• If counter larger than X, decrement it
  • When replacement needed
    • Select line whose counter is 0
approximating lru
Approximating LRU
  • LRU is pretty complicated (esp. for many ways)
    • Access and possibly update all counters in a seton every access (not just replacement)
  • Need something simpler and faster
    • But still close to LRU
  • NMRU – Not Most Recently Used
    • The entire set has one MRU pointer
    • Points to last-accessed line in the set
    • Replacement:Randomly select a non-MRU line
write policy
Write Policy
  • Do we allocate cache lines on a write?
    • Write-allocate
      • A write miss brings block into cache
    • No-write-allocate
      • A write miss leaves cache as it was
  • Do we update memory on writes?
    • Write-through
      • Memory immediately updated on each write
    • Write-back
      • Memory updated when line replaced
write back caches
Write-Back Caches
  • Need a Dirty bit for each line
    • A dirty line has more recent data than memory
  • Line starts as clean (not dirty)
  • Line becomes dirty on first write to it
    • Memory not updated yet, cache has the only up-to-date copy of data for a dirty line
  • Replacing a dirty line
    • Must write data back to memory (write-back)
cache performance
Cache Performance
  • Miss rate
    • Fraction of memory accesses that miss in cache
    • Hit rate = 1 – miss rate
  • Average memory access time

AMAT = hit time + miss rate * miss penalty

  • Memory stall cycles

CPUtime = CycleTime x (CyclesExec + CyclesMemoryStall)

CyclesMemoryStall = CacheMisses x (MissLatencyTotal – MissLatencyOverlapped)

improving cache performance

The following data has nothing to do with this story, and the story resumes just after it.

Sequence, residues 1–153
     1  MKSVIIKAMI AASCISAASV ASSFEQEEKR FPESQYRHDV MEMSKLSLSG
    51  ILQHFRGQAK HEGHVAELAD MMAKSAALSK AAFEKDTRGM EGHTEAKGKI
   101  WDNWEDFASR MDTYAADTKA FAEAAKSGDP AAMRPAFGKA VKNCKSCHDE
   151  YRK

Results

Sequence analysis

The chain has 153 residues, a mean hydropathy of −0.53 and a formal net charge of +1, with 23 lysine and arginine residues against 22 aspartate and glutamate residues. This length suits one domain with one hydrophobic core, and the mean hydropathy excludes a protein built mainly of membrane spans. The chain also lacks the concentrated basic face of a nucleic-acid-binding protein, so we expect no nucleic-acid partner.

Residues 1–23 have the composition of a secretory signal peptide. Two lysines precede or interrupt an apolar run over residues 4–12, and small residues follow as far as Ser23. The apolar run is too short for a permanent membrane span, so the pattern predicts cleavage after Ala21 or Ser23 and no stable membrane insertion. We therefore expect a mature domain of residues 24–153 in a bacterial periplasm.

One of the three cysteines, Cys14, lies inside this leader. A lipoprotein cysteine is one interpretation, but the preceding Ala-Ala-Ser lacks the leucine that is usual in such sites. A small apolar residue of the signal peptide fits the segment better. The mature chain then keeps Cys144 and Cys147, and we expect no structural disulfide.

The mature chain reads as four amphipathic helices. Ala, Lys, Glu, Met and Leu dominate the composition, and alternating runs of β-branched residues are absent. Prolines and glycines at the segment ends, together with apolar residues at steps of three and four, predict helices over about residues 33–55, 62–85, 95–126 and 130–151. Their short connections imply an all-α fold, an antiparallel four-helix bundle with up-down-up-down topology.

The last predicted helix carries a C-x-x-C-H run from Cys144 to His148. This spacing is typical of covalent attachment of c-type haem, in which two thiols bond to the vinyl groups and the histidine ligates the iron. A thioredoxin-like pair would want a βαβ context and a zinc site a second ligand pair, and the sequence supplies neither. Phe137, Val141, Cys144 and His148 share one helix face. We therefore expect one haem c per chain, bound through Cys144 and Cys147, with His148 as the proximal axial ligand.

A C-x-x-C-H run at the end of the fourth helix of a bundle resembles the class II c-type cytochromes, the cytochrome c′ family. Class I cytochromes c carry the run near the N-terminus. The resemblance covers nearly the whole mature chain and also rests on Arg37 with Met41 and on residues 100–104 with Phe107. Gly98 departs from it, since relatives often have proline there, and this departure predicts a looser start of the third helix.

Improving Cache Performance
  • AMAT = hit time + miss rate * miss penalty
    • Reduce miss penalty
    • Reduce miss rate
    • Reduce hit time
  • CyclesMemoryStall = CacheMisses x (MissLatencyTotal – MissLatencyOverlapped)
    • Increase overlapped miss latency
reducing cache miss penalty 1
Reducing Cache Miss Penalty (1)
  • Multilevel caches
    • Very Fast, small Level 1 (L1) cache
    • Fast, not so small Level 2 (L2) cache
    • May also have slower, large L3 cache, etc.
  • Why does this help?
    • Miss in L1 cache can hit in L2 cache, etc.

AMAT = HitTimeL1+MissRateL1MissPenaltyL1

MissPenaltyL1= HitTimeL2+MissRateL2MissPenaltyL2

MissPenaltyL2= HitTimeL3+MissRateL3MissPenaltyL3

multilevel caches
Multilevel Caches
  • Global vs. Local Miss Rate
    • Global L2 Miss Rate# of L2 Misses / # of All Memory Refs
    • Local Miss Rate # of L2 Misses / # of L1 Misses(only L1 misses actually get to the L2 cache)
    • MPKI often used (normalize against number of instructions)
      • Allows comparisons against different types of events
  • Exclusion Property
    • If block is in L1 cache, it is never in L2 cache
    • Saves some L2 space
  • Inclusion Property
    • If block A is in L1 cache, it must also be in L2 cache
reducing cache miss penalty 2
Reducing Cache Miss Penalty (2)
  • Early Restart & Critical Word First
    • Block transfer takes time (bus too narrow)
    • Give data to loads before entire block arrive
  • Early restart
    • When needed word arrives, let processor use it
    • Then continue block transfer to fill cache line
  • Critical Word First
    • Transfer loaded word first, then the rest of block(with wrap-around to get the entire block)
    • Use with early restart to let processor go ASAP
reducing cache miss penalty 3
Reducing Cache Miss Penalty (3)
  • Increase Load Miss Priority
    • Loads can have dependent instructions
    • If a load misses and a store needs to go to memory, let the load miss go first
    • Need a write buffer to remember stores
  • Merging Write Buffer
    • If multiple write misses to the same block, combine them in the write buffer
    • Use block-write instead of a many small writes
kinds of cache misses
Kinds of Cache Misses
  • The “3 Cs”
    • Compulsory: have to have these
      • Miss the first time each block is accessed
    • Capacity: due to limited cache capacity
      • Would not have them if cache size was infinite
    • Conflict: due to limited associativity
      • Would not have them if cache was fully associative
reducing cache miss penalty 4
Reducing Cache Miss Penalty (4)